Are you as enthusiastic about antique ironstone as I am? I’ve written a few posts on ironstone, and an article for a magazine a few years back. But since my recent ironstone ship has come in – yay!!- I’m adding pieces to the shop as fast as I can, you have been asking to know more about ironstone. Here are a few tips for shopping for ironstone.



tips for shopping for Ironstone





In this post, I wrote: “White Ironstone was originally potted in England  in the early 1800’s. The Ironstone blanks were decorated with colorful patterns and were an immediate success in England, it had lasting weight and strength, and became a very popular form of pottery. James Edwards (1805-1867) of the Dalehall Pottery in Staffordshire, William Turner of Longton, are amongst the potters credited as ironstone pioneers. Some sources also attribute the invention of ironstone to Josiah Spode who is known to have been producing ironstone ware by 1805, he exported immense quantities to France and other countries. The popularity of Spode’s ironstone actually surpassed the traditional faience pottery in France.”




antique ironstone





Ironstone pieces have such a classic, clean design, they literally complement every style of decor. They mix beautifully with any kind of table setting, and play nicely with other porcelain or faience dishes too.



A collection of quality antique ironstone adds history and decorative beauty to your home, and the pieces are still very usable! That is the best part of these strong white dishes, they can still be used every day or on holidays, they earn their keep.



tips for shopping for Ironstone



tips for shopping for Ironstone






Antique Ironstone comes in many shapes, and different forms.  I look for the beauty of the design, how lustrous the finish is, as well as how useful the piece is. {How I could use it not just for its intended purpose, but also as a decorative element at home.}



Antique ironstone has thickness and weight, its usually heavier than most other types of china.  Ironstone “glows” like nothing else. I can spot a piece of antique ironstone across aisles at fleamarkets. If you get familiar with antique ironstone, you will know it when you see it.



tips for shopping for Ironstone



tips for shopping for Ironstone




From the magazine article I wrote a few years ago:

1. Weight: Ironstone is thick and heavy.
2. Maker’s Mark: Most, but not all, ironstone is marked with a back stamp on the bottom that is printed, impressed, or both.
3. Color: Early English pieces made for export will have a blue or grey tint. Pieces that remained in England are creamier white, as are American ironstone pieces.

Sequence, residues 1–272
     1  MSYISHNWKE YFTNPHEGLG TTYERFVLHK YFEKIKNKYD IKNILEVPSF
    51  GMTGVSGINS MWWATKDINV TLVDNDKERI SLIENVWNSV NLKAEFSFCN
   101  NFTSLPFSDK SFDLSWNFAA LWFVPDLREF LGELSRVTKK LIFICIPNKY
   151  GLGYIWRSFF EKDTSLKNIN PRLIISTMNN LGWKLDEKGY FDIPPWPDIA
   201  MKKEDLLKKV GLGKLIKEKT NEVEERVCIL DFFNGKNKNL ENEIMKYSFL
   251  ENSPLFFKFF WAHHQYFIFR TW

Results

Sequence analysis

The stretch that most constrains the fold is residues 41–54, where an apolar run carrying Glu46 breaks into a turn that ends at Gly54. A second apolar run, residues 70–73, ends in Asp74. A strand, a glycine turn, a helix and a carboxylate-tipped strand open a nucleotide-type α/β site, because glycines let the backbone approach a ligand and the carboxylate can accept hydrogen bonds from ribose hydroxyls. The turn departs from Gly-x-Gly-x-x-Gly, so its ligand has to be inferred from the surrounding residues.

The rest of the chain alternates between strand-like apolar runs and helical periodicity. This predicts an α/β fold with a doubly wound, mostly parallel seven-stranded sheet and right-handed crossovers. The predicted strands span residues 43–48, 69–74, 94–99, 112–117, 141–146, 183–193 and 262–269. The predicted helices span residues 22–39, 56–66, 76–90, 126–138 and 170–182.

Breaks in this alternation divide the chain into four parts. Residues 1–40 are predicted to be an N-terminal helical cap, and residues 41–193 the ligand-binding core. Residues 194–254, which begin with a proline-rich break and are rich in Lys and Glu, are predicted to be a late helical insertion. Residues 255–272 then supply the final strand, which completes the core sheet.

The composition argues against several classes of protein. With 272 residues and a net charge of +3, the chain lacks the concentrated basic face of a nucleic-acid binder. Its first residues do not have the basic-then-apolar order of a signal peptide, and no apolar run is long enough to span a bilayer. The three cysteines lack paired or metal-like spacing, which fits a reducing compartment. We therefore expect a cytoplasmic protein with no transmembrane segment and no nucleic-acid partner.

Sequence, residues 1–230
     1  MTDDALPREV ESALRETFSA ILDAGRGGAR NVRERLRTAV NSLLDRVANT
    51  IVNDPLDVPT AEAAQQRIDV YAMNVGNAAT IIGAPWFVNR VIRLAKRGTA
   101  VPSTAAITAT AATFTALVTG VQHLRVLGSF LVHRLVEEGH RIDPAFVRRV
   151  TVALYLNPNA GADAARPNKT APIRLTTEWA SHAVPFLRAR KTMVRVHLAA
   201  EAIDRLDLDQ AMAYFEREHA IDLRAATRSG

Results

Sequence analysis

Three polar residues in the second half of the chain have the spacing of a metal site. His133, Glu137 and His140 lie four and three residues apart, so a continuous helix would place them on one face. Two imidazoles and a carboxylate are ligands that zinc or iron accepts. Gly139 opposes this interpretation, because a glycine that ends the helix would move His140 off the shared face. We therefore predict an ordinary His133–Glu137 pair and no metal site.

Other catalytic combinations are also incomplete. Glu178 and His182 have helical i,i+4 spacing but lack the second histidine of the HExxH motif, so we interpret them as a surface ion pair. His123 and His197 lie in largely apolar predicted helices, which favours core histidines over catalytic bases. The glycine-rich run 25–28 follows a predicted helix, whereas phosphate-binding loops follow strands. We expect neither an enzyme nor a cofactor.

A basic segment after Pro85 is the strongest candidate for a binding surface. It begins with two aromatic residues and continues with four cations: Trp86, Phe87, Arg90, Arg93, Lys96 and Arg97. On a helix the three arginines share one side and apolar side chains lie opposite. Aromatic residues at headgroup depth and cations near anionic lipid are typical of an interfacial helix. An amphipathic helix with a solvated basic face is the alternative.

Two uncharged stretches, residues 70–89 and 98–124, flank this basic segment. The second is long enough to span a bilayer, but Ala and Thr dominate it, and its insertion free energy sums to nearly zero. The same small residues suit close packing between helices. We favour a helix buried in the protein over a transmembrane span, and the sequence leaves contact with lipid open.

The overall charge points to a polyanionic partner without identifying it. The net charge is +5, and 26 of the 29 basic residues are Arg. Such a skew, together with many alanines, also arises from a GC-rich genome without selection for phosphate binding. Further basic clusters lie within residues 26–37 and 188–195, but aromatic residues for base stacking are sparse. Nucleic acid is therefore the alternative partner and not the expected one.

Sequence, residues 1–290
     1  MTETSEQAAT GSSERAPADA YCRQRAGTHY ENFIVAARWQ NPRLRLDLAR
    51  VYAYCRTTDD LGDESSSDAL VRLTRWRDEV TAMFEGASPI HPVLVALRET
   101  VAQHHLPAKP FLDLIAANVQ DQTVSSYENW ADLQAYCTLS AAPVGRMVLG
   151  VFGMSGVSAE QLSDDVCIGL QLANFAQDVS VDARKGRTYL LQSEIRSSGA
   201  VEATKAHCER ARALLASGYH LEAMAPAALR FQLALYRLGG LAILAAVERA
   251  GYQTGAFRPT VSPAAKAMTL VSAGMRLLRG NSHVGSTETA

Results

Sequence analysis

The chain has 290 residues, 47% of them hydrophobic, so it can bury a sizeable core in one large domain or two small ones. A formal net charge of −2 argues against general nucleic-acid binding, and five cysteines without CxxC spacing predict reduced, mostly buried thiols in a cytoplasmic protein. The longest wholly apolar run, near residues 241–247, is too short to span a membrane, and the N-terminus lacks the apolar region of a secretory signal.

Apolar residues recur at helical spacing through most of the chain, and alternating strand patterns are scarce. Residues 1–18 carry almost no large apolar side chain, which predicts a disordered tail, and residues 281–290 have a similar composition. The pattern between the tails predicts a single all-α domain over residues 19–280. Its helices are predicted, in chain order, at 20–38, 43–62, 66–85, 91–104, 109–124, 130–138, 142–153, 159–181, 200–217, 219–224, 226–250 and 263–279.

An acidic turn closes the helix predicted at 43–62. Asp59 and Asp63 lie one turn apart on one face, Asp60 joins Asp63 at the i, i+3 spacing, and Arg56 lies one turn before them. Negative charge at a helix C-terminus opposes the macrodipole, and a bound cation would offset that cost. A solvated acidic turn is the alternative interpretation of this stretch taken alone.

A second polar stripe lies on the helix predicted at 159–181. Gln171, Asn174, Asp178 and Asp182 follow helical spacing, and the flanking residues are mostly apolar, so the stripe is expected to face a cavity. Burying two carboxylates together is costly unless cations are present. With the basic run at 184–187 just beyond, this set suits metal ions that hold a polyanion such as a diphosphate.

4. Shape: Date early ironstone by looking at patterns and shapes.



tips for shopping for Ironstone





It’s not uncommon to find pieces that aren’t marked.  Many piece are marked on the bottom with a manufacturer’s marking, and that will help you date your piece.



Other names used in markings for ironstone include graniteware, stoneware, pearl china, feldspar china, new stone, semi porcelain, opaque porcelain, and stone china, they are all considered ironstone these days.



tips for shopping for Ironstone




I’m not a purist, while I prefer that all the edges should be un-repaired and free of chips if possible, I have been know to fall head over heels in love with a piece that is stained, chipped and worn. What you will want to collect depends on what you fall in love with. Many collector’s focus on one kind, like tureens, or one maker for their collection.  I have collectors that buy from us at FrenchGardenHouse who only buy French or English ironstone, or only ironstone that is well “buttered” as my European friends say, which means that the piece has discolored over the centuries to a darker beige.



What you buy depends on you….and what fits your style of home decor.




antique ironstone bowl



I love the quirky details on this very heavy ironstone pot, the handles are like little faces.



tips for shopping for Ironstone



A favorite from my latest shipment from Europe, this antique ironstone foot bath has raised staves to simulate a barrel. The shape is so lovely, it is just as desirable today as it was in the late 1800’s, very early 1900’s.




antique white ironstone



I hope that this post has answered some of your questions, and gets you started on a collection of your own!



shop for ironstone



Ps. I’ll be adding the highly anticipated and coveted antique ironstone drainers to the shopsite this week.


To shop our latest ironstone click here >




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